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MLK and the FBI: 50 years on, secrets and surveillance still

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Fifty-one years ago this week, the greatest civil rights leader in American history was killed in Memphis. When the Select Committee on Assassinations issued its final report on the murder of Dr. Martin Luther King Jr., it noted that the Department of Justice “failed to supervise adequately the Domestic Intelligence Division of the Federal Bureau of Investigation. In addition, the Federal Bureau of Investigation, in the Domestic Intelligence Division’s COINTELPRO campaign against Dr. King, grossly abused and exceeded its legal authority and failed to consider the possibility that actions threatening bodily harm to Dr. King might be encouraged by the program.”

In light of that conclusion, why did the committee not recommend the complete and immediate declassification of all FBI records dealing with King, his associates and related civil rights organizations and movements, and urge the passage of legislation to make racialized mass surveillance illegal? The committee’s report provided no answers to these questions.

{mosads}In conducting research, I discovered that to this day more than 17,000 pages of FBI files dealing directly with Dr. King remain classified. In response to my request that the National Archives and Records Administration (NARA) declassify those records on an expedited basis, NARA refused, and also denied my appeals.

The King files are part of the vast, still classified FBI “Domestic Security” cases, spanning 1939 to 1984. The “Domestic Security” label was used by the bureau to conceal the true political or racial nature of the surveillance and investigations conducted against targets such as King, labor leaders such as Walter Reuther, or folk singers such as Pete Seeger, among others.

How many classified records are we talking about? If you stacked the case file boxes end-to-end, they would stretch for almost seven miles. Looking for a ballpark page count? At 1,800 pages per linear foot, with 35,637 linear feet of records, we’re talking about over 64 million pages of still-classified FBI records that are anywhere from 40 to 80 years old. And those are only the records we know are sitting in the classified vault at NARA’s College Park, Md. facility, according to the author’s review of NARA’s Master Location Register (MLR) for FBI records.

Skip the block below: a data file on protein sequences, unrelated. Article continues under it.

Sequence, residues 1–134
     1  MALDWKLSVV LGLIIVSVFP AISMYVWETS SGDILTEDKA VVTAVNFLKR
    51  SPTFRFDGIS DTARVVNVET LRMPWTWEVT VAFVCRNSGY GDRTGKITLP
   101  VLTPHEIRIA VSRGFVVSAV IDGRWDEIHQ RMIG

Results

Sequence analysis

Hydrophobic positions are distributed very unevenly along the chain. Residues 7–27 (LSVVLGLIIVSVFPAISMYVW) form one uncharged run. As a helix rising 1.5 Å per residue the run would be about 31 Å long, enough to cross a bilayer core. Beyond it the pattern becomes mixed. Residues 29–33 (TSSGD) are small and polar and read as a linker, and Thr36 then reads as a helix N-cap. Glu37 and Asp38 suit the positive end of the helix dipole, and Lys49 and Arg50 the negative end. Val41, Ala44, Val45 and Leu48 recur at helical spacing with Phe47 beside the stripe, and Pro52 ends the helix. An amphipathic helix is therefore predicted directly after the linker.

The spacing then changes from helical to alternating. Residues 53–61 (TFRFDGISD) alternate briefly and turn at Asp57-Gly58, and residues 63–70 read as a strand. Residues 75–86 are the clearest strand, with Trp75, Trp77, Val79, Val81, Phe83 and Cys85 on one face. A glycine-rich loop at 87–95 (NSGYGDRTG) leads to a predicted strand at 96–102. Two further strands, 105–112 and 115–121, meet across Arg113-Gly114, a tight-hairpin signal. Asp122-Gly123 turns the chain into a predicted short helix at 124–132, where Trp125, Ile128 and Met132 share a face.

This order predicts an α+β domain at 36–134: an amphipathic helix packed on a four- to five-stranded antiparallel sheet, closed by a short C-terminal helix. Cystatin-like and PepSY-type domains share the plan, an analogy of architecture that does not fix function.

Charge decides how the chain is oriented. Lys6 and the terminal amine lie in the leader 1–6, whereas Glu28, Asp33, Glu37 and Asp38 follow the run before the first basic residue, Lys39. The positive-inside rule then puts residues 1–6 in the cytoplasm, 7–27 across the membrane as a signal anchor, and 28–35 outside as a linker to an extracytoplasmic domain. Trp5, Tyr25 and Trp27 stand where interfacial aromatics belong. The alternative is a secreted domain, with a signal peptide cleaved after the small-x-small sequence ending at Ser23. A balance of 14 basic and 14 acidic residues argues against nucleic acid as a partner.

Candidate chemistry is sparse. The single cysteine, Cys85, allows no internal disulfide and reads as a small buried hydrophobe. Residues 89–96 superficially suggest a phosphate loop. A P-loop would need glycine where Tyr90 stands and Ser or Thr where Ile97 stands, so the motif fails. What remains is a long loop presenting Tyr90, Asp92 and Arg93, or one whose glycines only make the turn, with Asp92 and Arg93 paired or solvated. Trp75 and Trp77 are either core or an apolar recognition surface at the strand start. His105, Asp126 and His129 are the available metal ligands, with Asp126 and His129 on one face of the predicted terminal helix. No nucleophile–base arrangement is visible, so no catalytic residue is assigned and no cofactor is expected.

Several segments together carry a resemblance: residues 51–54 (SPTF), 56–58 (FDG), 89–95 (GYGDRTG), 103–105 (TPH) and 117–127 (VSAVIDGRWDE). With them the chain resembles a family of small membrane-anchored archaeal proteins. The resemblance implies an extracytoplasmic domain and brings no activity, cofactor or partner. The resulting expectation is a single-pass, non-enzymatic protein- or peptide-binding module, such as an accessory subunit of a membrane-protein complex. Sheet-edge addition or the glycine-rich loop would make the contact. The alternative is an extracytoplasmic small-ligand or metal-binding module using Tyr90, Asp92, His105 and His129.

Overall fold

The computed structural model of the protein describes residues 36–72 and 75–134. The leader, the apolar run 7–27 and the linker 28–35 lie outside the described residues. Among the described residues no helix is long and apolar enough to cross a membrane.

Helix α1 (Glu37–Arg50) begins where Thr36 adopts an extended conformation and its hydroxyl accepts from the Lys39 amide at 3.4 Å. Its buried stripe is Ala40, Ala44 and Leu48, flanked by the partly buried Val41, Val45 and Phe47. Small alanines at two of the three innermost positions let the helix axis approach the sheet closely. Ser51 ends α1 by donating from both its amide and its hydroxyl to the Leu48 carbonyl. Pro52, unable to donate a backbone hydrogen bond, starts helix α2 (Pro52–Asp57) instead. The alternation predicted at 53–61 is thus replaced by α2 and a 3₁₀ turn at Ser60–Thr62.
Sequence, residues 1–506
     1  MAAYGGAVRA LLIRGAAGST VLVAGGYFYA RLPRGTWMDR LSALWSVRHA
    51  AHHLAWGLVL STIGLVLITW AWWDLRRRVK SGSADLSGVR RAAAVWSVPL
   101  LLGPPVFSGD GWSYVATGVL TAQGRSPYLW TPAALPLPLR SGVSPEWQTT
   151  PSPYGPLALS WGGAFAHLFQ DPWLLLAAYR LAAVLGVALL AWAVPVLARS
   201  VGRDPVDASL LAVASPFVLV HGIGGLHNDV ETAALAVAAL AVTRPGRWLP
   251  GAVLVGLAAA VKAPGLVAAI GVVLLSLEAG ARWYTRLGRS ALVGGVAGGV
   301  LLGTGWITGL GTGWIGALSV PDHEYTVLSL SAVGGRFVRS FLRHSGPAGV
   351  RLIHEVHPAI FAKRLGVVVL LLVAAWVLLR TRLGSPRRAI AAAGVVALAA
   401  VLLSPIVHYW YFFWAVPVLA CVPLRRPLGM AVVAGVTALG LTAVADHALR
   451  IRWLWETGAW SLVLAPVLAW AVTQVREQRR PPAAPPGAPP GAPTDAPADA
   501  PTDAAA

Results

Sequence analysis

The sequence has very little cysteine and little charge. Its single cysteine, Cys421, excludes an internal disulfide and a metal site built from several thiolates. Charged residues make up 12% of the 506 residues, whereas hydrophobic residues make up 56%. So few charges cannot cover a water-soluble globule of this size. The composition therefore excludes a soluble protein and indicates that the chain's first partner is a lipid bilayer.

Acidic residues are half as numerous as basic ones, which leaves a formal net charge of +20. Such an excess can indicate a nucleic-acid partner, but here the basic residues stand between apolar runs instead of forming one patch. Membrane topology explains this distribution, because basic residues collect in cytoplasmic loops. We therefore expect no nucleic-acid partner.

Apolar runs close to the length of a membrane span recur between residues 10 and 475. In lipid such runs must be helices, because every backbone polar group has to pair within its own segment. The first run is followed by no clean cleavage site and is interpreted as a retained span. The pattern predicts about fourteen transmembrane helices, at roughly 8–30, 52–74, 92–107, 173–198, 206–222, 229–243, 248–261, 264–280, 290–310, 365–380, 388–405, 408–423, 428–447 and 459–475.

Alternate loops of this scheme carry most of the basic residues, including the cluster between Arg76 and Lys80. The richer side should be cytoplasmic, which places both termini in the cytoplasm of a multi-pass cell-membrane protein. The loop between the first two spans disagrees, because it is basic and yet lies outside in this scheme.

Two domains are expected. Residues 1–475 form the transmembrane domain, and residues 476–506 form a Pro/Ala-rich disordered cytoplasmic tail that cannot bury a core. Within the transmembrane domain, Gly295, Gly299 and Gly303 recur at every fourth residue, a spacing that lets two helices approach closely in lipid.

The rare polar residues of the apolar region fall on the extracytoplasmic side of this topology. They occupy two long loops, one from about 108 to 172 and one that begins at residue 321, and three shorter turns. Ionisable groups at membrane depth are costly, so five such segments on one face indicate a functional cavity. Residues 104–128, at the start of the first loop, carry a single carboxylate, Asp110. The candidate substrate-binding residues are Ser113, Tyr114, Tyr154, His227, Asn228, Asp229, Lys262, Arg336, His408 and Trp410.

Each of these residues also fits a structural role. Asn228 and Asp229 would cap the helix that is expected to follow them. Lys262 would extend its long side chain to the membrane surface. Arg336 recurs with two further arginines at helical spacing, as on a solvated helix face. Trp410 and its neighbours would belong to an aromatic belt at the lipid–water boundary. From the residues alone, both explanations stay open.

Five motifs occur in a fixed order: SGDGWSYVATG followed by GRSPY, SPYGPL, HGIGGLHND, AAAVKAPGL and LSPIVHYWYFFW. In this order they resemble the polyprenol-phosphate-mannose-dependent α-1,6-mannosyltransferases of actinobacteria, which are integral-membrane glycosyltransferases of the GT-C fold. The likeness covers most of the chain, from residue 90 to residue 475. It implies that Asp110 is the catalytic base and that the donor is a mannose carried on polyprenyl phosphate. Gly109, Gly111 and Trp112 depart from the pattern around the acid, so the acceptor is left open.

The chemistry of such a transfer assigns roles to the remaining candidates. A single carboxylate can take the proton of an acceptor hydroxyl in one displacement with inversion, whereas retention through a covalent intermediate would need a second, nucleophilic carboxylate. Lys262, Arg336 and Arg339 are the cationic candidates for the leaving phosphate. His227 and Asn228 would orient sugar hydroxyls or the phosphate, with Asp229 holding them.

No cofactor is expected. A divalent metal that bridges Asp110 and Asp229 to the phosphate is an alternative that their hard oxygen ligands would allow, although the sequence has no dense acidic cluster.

And we also know that those “Domestic Security” files are getting new entries on African-American political activists on a regular basis.

The American Civil Liberties Union (ACLU) and the Center for Media Justice (CMJ) recently sued the Trump administration’s Department of Justice (DOJ) for any records generated pursuant to the 2017 FBI “intelligence assessment” titled “Black Identity Extremists Likely Motivated to Target Law Enforcement Officers.” The ACLU’s Nusrat Choudhury was blunt about the organization’s view of the FBI’s motives: “Our government’s shameful practice of using surveillance as a weapon against racial justice activism was wrong in the past and has no place in our present. The public needs to know whether the FBI is manufacturing a threat to improperly surveil, investigate, and prosecute black people for constitutionally protected activity.”

The ACLU and CMJ sued after being effectively stonewalled in their own Freedom of Information Act (FOIA) request related to the FBI “Black Identity Extremist” assessment. The response of DOJ and NARA to our respective FOIA actions only underscores the costs of the failure of the Select Committee on Assassinations, and Congresses since then, to stop the DOJ and FBI from using the classification system to shield federal officials from accountability for unconstitutional surveillance programs. Reversing that trend should be a top priority for the new House Judiciary Committee chairman, Rep. Jerrold Nadler (D-N.Y.).

Former CIA analyst Patrick Eddington is a policy analyst in civil liberties at the Cato Institute. He is writing a book on book on domestic surveillance and political repression. Follow him on Twitter @PGEddington.

Tags COINTELPRO Federal Bureau of Investigation Jerrold Nadler Martin Luther King Jr. Surveillance

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